Games publisher and developer Valve have built a brand on not releasing things til they’re ready. The culmination of years of work to stake a claim in the living room, their third announcement this week, is a brand new controller.
The Steam Controller, a name presumably borrowed from Thomas the Tank Engine, is built to work with the eponymous software’s Big Picture mode (and presumably the new Steam OS).
While it doesn’t break too many design precedents, the front panel has really got people talking. Two flat, ‘owl eye’ trackpads have replaced the usual analogue sticks, and the array of buttons – ABYX – are positioned in parallel at the centre.
To try and retain the physical feel of analogue sticks, the pads use haptic vibrations and forces – the touch sensation you might find on a phone – to deliver precise feedback depending on where you touch, or what you’re doing. The device is also openly hackable, allowing for personal configurations and use across platforms and devices.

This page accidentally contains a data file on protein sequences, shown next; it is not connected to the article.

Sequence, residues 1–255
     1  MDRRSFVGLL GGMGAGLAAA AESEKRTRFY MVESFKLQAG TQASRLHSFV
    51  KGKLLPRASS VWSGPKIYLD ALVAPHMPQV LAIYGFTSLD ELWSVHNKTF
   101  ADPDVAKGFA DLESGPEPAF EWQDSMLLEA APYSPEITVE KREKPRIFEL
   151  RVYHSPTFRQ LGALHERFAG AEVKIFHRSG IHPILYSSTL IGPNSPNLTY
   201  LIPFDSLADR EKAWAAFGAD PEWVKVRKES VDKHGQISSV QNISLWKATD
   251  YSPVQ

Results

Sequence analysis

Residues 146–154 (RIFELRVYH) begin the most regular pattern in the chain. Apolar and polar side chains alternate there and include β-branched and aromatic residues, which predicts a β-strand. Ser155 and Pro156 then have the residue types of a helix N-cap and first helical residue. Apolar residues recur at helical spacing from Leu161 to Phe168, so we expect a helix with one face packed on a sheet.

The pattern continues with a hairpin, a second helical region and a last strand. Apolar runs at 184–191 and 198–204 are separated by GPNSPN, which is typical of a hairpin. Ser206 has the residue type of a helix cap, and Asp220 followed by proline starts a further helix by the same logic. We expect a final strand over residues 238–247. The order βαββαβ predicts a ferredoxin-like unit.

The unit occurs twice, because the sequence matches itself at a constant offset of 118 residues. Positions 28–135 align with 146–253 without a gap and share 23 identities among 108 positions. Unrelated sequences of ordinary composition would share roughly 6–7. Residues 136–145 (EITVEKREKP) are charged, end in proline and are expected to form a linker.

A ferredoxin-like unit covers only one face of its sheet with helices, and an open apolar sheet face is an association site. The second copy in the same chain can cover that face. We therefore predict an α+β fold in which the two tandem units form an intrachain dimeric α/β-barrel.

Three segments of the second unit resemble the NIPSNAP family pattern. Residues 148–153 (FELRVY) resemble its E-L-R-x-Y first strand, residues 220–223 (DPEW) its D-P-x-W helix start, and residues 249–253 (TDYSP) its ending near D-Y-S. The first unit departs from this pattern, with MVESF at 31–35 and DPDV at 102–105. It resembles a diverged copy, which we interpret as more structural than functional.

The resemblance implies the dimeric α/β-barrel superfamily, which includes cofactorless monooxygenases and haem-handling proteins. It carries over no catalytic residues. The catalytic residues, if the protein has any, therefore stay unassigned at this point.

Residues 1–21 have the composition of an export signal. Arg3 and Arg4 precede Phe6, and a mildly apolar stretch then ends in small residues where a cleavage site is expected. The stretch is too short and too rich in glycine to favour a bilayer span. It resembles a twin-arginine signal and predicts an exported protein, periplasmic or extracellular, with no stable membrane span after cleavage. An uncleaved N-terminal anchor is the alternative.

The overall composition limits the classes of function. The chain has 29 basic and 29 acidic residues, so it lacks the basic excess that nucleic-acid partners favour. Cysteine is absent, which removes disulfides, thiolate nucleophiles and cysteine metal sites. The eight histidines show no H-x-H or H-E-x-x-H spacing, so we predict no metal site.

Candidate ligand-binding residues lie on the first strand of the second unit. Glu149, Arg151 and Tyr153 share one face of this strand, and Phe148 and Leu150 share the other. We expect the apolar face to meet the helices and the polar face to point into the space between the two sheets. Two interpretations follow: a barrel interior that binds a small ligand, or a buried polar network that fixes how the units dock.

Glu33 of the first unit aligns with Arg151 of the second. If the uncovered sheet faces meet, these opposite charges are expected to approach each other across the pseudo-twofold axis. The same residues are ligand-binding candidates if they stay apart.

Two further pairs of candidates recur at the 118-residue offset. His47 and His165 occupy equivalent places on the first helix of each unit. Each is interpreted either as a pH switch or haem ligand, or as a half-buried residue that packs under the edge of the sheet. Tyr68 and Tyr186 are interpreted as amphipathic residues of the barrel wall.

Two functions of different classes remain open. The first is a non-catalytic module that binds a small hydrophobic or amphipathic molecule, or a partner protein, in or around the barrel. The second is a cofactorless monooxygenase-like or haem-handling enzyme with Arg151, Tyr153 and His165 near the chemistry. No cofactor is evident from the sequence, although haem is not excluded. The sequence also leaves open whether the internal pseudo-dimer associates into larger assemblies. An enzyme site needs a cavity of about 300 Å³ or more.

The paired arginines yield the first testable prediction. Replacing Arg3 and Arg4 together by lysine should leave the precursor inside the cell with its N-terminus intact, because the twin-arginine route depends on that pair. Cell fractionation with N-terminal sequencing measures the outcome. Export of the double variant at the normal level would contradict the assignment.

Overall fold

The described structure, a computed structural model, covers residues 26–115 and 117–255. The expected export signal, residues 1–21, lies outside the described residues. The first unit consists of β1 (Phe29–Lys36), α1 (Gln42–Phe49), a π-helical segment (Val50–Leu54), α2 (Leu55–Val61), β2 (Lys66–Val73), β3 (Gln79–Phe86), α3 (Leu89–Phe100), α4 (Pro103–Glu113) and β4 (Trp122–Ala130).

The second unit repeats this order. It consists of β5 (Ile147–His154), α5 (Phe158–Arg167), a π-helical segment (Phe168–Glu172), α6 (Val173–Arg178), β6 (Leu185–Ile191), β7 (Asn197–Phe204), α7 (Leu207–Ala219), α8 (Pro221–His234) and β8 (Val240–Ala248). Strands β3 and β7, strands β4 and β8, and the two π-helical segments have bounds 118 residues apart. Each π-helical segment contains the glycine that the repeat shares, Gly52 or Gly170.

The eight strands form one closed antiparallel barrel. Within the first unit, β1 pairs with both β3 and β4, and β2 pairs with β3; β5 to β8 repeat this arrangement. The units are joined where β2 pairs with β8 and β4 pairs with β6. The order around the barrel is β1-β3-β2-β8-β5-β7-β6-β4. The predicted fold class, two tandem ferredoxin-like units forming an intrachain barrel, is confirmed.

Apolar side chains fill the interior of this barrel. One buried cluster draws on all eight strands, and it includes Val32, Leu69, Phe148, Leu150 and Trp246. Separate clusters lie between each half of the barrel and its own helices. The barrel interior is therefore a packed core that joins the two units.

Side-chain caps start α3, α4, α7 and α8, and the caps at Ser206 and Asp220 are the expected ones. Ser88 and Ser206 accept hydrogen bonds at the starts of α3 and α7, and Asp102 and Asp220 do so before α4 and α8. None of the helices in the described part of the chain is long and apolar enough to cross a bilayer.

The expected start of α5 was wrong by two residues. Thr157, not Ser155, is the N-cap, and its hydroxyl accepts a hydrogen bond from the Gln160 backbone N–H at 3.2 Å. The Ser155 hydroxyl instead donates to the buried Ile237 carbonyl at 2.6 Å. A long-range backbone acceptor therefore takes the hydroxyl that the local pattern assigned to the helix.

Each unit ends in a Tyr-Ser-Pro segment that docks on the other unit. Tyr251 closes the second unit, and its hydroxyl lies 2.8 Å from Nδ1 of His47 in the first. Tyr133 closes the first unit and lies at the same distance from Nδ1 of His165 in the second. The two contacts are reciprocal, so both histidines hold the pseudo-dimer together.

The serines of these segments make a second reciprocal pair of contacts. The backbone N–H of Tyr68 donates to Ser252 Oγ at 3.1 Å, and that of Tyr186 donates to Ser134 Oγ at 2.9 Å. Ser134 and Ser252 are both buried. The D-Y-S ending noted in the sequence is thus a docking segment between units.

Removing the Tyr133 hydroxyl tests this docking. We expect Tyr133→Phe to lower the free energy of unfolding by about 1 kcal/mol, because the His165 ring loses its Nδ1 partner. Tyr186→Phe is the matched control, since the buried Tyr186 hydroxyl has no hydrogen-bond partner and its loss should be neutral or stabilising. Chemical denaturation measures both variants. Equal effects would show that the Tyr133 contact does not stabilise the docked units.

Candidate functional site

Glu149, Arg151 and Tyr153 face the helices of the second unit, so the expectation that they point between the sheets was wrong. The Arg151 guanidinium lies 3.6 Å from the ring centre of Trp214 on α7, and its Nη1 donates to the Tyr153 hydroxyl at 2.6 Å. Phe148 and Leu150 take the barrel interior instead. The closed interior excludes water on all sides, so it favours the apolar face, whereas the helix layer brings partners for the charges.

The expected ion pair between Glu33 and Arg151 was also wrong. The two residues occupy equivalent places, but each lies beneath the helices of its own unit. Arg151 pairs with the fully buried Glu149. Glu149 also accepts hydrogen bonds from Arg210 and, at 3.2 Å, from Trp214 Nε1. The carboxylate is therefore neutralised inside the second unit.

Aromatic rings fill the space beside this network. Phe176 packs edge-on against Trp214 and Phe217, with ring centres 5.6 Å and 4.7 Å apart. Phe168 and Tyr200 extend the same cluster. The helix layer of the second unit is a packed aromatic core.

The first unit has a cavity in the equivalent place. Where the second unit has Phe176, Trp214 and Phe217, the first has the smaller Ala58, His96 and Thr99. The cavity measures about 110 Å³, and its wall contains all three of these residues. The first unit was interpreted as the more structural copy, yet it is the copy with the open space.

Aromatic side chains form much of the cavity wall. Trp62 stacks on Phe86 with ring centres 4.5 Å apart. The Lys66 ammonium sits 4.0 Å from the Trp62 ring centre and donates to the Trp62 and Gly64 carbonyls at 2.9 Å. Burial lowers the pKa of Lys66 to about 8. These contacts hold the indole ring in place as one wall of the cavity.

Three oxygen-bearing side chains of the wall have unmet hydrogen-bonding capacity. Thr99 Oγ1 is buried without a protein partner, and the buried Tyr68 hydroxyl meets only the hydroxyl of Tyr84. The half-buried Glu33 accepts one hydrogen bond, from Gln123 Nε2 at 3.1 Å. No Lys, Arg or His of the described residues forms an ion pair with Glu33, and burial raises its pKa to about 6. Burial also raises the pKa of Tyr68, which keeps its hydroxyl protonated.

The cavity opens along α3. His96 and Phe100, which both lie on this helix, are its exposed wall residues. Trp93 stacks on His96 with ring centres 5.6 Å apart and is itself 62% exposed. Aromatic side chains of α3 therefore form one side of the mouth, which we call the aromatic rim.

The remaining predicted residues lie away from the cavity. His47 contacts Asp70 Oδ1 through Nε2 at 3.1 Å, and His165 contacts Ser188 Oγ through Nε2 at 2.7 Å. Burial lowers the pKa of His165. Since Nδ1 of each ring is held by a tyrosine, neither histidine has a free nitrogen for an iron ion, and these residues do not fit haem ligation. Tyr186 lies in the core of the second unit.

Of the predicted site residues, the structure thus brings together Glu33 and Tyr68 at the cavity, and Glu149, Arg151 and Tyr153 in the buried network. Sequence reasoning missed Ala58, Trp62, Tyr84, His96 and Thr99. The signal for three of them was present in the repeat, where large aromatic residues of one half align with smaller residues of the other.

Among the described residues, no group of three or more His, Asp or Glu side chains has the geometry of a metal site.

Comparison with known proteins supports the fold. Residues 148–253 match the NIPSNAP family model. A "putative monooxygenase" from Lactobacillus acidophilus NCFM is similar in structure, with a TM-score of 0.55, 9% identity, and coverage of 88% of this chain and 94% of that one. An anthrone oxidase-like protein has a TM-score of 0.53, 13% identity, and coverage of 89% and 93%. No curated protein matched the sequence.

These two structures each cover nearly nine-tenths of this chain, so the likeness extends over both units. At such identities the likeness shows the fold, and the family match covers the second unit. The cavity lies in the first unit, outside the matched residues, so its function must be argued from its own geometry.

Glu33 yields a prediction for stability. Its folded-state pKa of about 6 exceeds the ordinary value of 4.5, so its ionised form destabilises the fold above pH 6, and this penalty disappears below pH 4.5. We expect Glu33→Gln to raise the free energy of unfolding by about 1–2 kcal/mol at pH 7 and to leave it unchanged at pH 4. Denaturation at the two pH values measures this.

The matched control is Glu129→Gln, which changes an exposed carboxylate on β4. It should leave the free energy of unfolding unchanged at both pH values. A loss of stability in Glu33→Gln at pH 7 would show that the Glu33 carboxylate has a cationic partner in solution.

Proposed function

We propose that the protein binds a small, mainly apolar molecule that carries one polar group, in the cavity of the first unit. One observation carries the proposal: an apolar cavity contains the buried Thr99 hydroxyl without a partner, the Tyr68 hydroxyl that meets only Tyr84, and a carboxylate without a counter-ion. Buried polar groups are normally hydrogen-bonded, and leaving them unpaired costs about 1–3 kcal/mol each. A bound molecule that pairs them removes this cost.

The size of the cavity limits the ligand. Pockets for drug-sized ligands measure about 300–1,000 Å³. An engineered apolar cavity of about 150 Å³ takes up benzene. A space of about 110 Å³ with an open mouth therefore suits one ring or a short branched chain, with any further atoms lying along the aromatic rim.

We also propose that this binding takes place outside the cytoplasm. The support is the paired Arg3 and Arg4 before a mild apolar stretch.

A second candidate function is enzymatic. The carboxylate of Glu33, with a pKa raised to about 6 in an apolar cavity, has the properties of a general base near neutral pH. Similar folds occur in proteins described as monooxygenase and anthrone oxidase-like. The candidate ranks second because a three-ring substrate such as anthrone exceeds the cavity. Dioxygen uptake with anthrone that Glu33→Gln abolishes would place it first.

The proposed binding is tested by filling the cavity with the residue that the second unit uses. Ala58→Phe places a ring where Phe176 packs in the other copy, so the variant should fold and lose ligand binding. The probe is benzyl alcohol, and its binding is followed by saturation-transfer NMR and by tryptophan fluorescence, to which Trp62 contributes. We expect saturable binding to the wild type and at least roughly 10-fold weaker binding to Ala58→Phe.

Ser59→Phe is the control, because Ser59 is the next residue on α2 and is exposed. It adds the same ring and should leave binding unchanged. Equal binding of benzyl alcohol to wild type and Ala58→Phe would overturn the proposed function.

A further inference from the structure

Upending some twenty years of design principles is a brave move from a company which has never brought hardware to market before, with an idea which has failed to displace consoles and traditional set top boxes from many homes.
It’s certainly not going to suit every game – my biggest gripe is the positioning of the buttons – but if the trackpads have ‘mouse equivalent’ sensitivity as claimed, it could be a very interesting alternative to both the keyboard and mouse and other console controllers.